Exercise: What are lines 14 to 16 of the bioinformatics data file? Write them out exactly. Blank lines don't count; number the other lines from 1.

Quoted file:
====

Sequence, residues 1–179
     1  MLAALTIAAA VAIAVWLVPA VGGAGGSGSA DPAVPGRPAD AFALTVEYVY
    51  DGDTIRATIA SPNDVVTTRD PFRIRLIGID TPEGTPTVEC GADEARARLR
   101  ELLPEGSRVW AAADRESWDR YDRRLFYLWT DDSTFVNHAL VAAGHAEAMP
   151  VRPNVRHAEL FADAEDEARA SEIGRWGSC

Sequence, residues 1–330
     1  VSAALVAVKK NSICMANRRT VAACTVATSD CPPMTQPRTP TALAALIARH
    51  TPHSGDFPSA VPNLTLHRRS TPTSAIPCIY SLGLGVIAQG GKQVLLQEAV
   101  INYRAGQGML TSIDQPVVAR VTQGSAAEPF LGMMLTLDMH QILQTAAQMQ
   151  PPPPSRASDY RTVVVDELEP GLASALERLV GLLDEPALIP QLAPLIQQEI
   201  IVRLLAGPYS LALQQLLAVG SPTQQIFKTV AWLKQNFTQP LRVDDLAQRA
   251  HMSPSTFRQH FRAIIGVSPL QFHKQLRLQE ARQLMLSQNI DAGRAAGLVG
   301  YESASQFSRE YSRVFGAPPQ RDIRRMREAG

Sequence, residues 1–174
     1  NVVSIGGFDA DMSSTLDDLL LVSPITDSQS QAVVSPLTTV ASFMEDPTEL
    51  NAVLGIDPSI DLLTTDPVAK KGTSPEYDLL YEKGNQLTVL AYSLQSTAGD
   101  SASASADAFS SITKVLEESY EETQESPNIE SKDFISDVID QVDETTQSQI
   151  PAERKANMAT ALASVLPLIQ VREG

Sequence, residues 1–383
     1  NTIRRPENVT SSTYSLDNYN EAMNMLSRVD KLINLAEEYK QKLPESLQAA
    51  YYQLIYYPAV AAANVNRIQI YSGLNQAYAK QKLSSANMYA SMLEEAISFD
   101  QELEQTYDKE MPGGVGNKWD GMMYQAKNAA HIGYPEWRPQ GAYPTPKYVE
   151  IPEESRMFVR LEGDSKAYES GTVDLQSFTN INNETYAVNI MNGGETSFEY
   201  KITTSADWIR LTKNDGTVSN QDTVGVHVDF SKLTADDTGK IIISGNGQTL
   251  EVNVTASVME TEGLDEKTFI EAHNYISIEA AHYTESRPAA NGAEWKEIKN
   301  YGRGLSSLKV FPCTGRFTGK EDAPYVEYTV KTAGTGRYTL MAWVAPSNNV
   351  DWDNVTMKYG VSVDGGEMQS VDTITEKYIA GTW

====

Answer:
Sequence, residues 1–174
     1  NVVSIGGFDA DMSSTLDDLL LVSPITDSQS QAVVSPLTTV ASFMEDPTEL
    51  NAVLGIDPSI DLLTTDPVAK KGTSPEYDLL YEKGNQLTVL AYSLQSTAGD